Where Irish eyes are surfing
Irish surfer Alastair Tienneie takes on the waves. (Martin Bernetti/AFP/Getty)
Pods of surfers bobbed on their boards, watching eagle-eyed as white-capped waves rolled in and paddling fervently for sea-sprayed ride towards the beach. Due to its notoriously inclement weather, Ireland isn’t known for being a prime surfing destination. But low pressure systems in the Atlantic actually stir up ferocious winds – which create huge swells. Without any landmass to impede them, these swells land along the Irish coast, resulting in waves that can reach up to 12m high.
With 3,171km of crenulated coastline, plenty of reef, beach and point breaks fringing the coast and opportunities for beginners and seasoned pros alike, the sport is riding a wave of recent popularity – all set against a backdrop of spectacular Irish scenery.
For beginners, two easily accessible spots on Ireland’s eastern and southeastern coast provide perfect training grounds. In County Wicklow, just 60km south of Dublin, powdery white, wildlife-inhabited dunes edge the Irish Sea at Brittas Bay; its sheltered position provides gentle beginner waves. Brittas Bay Surf School can get kids and adults going with lessons.
About 134km southwest is Tramore (Trá Mhór in Irish, meaning big beach), a seaside resort town on County Waterford's undulating Copper Coast. Although on the Atlantic, Wales and England buffer the coast from monster swells, this corner of Ireland – nicknamed the “sunny southeast” – tends to have better weather than much of the country. The shore’s shallow gradient also prevents strong currents, a bonus for those just starting out. Ireland's largest surf school, T-Bay Surf & Eco Centre, operates year-round and runs ecology-based hikes in the area.
For larger waves, head to County Kerry, in Ireland's southwest. At this point, the country’s landmass has broken away from the rest of Europe, thrusting into the open sea, and Kerry’s exposure to the elements means the Atlantic surf is truly pumping. St Finian's Bay, known as “The Glen” by locals, arcs between the tiny villages of Portmagee and Ballinskelligs on the scenic Ring of Skellig, which spins off the famous Ring of Kerry circuit around the Iveragh Peninsula. This exposed beach break works well at mid and high tide and is rarely, if ever, crowded. Watch out for submerged rocks.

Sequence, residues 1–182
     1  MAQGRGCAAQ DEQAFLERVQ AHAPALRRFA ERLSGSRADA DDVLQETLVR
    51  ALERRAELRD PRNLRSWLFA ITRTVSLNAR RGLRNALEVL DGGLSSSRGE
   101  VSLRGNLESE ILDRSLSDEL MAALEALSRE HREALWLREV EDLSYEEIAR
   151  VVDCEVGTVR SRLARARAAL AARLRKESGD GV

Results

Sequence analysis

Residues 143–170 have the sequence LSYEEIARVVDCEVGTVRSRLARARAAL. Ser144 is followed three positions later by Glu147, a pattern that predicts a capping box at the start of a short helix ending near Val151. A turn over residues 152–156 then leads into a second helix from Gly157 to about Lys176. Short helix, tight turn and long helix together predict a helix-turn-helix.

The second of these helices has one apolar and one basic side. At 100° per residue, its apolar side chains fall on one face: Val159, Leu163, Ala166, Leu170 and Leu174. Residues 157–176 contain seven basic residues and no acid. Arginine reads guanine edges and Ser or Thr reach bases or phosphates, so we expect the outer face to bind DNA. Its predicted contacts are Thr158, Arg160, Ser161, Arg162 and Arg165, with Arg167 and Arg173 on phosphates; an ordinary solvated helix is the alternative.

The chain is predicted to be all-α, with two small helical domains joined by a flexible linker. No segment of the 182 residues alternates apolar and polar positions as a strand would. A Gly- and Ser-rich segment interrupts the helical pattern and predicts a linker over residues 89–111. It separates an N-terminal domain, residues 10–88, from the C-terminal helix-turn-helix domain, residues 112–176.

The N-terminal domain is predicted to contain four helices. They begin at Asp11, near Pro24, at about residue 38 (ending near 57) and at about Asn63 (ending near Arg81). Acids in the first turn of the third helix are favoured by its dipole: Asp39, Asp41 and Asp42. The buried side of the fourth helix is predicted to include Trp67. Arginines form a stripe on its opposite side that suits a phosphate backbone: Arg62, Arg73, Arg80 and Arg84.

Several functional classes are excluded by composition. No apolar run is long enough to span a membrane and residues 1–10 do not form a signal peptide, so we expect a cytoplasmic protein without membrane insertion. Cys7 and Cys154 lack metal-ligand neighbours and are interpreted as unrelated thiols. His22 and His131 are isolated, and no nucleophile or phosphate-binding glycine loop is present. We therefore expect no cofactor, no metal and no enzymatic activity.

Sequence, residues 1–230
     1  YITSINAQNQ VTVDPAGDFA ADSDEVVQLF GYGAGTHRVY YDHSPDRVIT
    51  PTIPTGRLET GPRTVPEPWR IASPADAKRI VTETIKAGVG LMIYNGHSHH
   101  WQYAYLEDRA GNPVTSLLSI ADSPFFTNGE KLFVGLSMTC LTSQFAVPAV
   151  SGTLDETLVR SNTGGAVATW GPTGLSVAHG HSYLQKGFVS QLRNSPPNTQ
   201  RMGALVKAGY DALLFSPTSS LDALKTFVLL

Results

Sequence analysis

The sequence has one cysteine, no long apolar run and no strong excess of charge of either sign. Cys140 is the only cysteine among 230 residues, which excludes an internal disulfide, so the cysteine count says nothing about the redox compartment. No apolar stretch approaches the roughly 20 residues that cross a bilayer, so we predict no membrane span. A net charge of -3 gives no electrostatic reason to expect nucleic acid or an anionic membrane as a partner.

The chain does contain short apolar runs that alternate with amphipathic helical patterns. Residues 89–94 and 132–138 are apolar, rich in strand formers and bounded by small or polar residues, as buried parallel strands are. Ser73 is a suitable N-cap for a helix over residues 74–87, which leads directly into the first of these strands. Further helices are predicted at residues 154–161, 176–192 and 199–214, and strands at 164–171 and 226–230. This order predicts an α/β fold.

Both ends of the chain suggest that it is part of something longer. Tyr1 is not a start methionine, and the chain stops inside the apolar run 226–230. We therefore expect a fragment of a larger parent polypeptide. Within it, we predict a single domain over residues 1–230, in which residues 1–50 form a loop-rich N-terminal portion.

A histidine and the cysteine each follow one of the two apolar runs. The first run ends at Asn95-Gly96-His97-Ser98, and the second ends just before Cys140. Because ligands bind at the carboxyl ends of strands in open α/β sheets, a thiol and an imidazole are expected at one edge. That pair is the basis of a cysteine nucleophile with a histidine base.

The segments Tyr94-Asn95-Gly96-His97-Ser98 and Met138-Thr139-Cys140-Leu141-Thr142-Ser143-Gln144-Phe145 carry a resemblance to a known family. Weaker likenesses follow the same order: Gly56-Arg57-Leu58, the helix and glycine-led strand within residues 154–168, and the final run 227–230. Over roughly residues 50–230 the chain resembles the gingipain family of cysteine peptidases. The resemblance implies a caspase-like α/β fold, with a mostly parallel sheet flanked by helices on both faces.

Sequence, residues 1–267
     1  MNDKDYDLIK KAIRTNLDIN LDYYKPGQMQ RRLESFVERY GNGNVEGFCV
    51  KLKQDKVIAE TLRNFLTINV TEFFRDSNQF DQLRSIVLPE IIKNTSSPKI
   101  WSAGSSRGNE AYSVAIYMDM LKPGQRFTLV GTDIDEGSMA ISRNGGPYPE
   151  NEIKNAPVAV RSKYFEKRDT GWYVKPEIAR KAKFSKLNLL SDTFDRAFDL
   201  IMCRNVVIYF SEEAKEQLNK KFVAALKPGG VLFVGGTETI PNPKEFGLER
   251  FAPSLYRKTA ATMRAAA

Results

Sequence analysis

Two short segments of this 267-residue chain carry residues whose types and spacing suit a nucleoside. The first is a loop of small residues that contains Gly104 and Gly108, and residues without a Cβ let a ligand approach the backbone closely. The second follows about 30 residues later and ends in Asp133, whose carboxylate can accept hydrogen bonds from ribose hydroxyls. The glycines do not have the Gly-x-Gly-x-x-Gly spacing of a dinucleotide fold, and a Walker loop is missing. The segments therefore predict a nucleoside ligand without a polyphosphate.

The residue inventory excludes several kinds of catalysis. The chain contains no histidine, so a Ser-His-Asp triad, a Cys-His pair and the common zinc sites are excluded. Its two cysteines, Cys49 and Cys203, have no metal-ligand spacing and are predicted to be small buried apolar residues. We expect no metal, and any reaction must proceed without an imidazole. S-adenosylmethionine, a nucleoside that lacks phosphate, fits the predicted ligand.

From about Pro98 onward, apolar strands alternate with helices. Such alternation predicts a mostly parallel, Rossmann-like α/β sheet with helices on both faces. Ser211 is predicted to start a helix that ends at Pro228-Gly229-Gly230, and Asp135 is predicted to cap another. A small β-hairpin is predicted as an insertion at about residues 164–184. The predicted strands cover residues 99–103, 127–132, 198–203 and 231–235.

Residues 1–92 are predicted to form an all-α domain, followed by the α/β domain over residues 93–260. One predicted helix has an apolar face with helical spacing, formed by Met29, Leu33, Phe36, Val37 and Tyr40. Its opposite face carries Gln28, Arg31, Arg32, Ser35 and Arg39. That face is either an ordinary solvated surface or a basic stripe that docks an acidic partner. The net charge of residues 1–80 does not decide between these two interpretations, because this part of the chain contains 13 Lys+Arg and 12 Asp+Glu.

- Surf's up on the Dingle Peninsula. (Design Pics/Peter Zoeller/Getty)
To the north, the Dingle Peninsula, an exquisite promontory of opal waters, jade-coloured fields and craggy cliffs, culminates in Europe's most westerly point. Inch Beach, a 5km-long sand spit, juts out from the peninsula's southern side. The exposed beach break is relatively calm and reliable, making it good for surfers of all levels. You can drive directly on to Inch's broad expanse of sand – just take care not to become stuck, as numerous cars do each year.
Further north, beneath the Cliffs of Moher, County Clare is home to some of Ireland's biggest swells. Aileen's is a massive wave only braved by a handful of highly experienced board riders, including two-time Irish champion Fergal Smith, one of the world’s leading heavy-wave professional surfers. Discovered by Irish surfer John McCarthy, who was the first to tackle it in 2005, Aileen's has since been declared the nearest thing to a "perfect wave" by scientists at the National University of Ireland, Galway. The reef pushes up enormous right-hand barrels that have helped carve the 214m-high cliffs above.
- Cruising off the coast of County Mayo. (Gareth McCormack/Getty)
For consistent beach breaks, head to County Mayo and its northern neighbour County Sligo. The village of Keel in County Mayo features one of five Blue Flag beaches on Achill Island, a mountainous, 148sqkm isle reached by bridge from the mainland. Stick to Keel's western half; there are dangerous rips from the centre to the eastern end beneath the Minaun Cliffs.
Just to the northeast, in County Sligo, surfers camp around the seaside castle ruins at Easkey village. The reef break Easkey Left works on all tides and swells, while Easkey Right is a right-hand reef break that can have phenomenal tubes. If you take on one of the mighty rollers that sweep the burnished-gold beach at nearby Strandhill, soothe your muscles afterwards in a native Irish homeopathic seaweed bath at Voya Seaweed Baths. Said to cure ills from rheumatism to hangovers, the iodine-rich seaweed leaves surf-battered skin baby-soft.